Roderick Garr ("Sam")
Gerald Ramsey ("Willie")
Samuel Fesmire ("Hally")
Aaron Mays (Director)
Dramaturgy Note by E.L. Hohn:
“Master Harold”… and the Boys is a play that closely marries the personal and the political, extensively drawing on details of Athol Fugard’s own life. Both the St. George’s Park Tea Room and the boarding house are drawn from his own memory; the characters, both on stage and off, bear a strong resemblance to the Fugard family’s employees and Fugard’s parents. Hally also bears a strong resemblance to the young Fugard – they share a family nickname and a disgust for the same subjects in school.
And Hally, like Fugard, is coming of age in the same moment that generations of systemic racism and oppression, which had relaxed slightly during World War II, were openly formalized into the strict legal separations of apartheid. In 1950, the South African government instituted laws that criminalized sexual contact between different races, formally divided the population into four racial groups and required them to live apart (destroying families and communities in the process), and allowed the party in power to arrest and ban the leadership of any group who dared to oppose them politically. The African National Congress was engaged in an extensive program of civil disobedience, boycotts, protests, strikes, and other anti-apartheid actions called the Defiance Campaign. Port Elizabeth was already a hotbed of both the resistance movement and government attempts to repress it.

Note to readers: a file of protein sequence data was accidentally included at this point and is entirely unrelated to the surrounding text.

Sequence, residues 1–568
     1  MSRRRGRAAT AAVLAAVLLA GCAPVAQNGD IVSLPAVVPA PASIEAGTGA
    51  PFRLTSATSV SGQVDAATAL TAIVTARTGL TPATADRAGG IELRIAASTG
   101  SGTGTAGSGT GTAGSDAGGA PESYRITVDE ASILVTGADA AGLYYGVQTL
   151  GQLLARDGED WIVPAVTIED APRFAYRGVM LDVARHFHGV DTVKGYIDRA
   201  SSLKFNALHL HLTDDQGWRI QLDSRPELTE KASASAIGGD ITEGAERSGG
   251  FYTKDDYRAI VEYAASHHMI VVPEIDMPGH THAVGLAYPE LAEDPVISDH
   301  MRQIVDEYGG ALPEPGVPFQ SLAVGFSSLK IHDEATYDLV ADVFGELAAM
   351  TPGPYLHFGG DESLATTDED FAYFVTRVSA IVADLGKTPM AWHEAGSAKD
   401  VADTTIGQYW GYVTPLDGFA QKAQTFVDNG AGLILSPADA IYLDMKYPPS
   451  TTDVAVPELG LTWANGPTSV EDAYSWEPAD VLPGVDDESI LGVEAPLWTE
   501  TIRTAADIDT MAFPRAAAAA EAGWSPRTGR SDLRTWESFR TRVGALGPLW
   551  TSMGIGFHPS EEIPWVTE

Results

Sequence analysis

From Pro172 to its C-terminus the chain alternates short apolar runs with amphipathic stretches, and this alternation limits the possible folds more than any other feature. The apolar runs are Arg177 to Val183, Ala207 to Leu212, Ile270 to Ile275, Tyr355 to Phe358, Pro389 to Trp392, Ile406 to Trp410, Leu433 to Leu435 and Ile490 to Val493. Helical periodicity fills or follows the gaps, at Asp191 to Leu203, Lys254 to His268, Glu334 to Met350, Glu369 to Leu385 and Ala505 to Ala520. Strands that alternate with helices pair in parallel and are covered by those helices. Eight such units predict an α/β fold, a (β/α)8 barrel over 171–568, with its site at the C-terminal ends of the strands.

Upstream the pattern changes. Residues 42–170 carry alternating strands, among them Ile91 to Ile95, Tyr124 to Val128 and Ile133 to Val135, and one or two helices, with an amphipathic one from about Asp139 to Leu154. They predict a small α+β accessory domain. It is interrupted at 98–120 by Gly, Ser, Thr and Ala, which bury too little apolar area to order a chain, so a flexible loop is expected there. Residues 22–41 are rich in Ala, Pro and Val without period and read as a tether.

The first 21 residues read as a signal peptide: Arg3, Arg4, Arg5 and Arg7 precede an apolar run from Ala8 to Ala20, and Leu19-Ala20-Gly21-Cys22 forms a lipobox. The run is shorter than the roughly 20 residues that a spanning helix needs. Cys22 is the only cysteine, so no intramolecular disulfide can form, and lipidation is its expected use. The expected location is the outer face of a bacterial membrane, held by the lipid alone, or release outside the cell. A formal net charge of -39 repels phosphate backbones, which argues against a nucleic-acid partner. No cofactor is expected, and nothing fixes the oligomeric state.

Although there is no explicit mention in the play of either apartheid or the resistance movement, the world inside St. George’s Park Tea Room is completely shaped by the political moment. Sam and Willie used to live in the heart of Port Elizabeth, in close proximity to Hally’s family and the hotel’s white guests. Now, four years later, such an arrangement is outlawed; they must both commute from New Brighton township, a black-only neighborhood 5 miles outside the city center. They must carry the pass books that regulated the movements of black men in South Africa from the mid 1700s until 1986, as well as recently-issued government IDs that included racial classifications. Hally, 17 years old, white, the child of their employer, has freedom of movement, access to education, and nearly all the resources of the tea room at his disposal. His power over the men who raised him is now enshrined in law and protected by the threat of state violence.
Apartheid laws designed to crush affection, connection, and solidarity between the people of South Africa could not do it. The government’s attempts were met with decades of continuous resistance, and ultimately overturned through the ceaseless effort of countless people. “Master Harold”…and the Boys illustrates the ways that state-mandated oppression follows people into their private lives, into their homes, jobs and relationships, corroding everything it touches. But it also illustrates the ways that people survive and resist every day in the face of unjust laws and state violence, with a strength fed by love and dreams. The future isn’t in the hands of one great “Social Reformer.” The future is choosing, together, the work of the shared dream.
– E.L. Hohn, Dramaturg